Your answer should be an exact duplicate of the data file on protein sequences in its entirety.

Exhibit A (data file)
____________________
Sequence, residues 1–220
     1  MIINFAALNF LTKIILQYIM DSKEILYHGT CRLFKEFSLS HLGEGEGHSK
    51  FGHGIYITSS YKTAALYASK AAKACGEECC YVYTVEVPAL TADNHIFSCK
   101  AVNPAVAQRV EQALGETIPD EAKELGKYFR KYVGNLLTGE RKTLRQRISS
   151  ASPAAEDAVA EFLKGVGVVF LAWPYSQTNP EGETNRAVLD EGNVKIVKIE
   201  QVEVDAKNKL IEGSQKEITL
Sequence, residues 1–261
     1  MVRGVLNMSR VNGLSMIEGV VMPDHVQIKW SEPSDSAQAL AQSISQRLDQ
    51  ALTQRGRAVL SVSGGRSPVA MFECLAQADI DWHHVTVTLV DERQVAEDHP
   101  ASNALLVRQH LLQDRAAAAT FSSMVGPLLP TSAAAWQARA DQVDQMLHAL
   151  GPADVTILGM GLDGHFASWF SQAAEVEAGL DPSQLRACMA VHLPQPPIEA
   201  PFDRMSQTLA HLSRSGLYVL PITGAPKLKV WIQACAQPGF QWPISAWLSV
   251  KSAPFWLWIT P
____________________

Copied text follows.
Sequence, residues 1–220
     1  MIINFAALNF LTKIILQYIM DSKEILYHGT CRLFKEFSLS HLGEGEGHSK
    51  FGHGIYITSS YKTAALYASK AAKACGEECC YVYTVEVPAL TADNHIFSCK
   101  AVNPAVAQRV EQALGETIPD EAKELGKYFR KYVGNLLTGE RKTLRQRISS
   151  ASPAAEDAVA EFLKGVGVVF LAWPYSQTNP EGETNRAVLD EGNVKIVKIE
   201  QVEVDAKNKL IEGSQKEITL
Sequence, residues 1–261
     1  MVRGVLNMSR VNGLSMIEGV VMPDHVQIKW SEPSDSAQAL AQSISQRLDQ
    51  ALTQRGRAVL SVSGGRSPVA MFECLAQADI DWHHVTVTLV DERQVAEDHP
   101  ASNALLVRQH LLQDRAAAAT FSSMVGPLLP TSAAAWQARA DQVDQMLHAL
   151  GPADVTILGM GLDGHFASWF SQAAEVEAGL DPSQLRACMA VHLPQPPIEA
   201  PFDRMSQTLA HLSRSGLYVL PITGAPKLKV WIQACAQPGF QWPISAWLSV
   251  KSAPFWLWIT P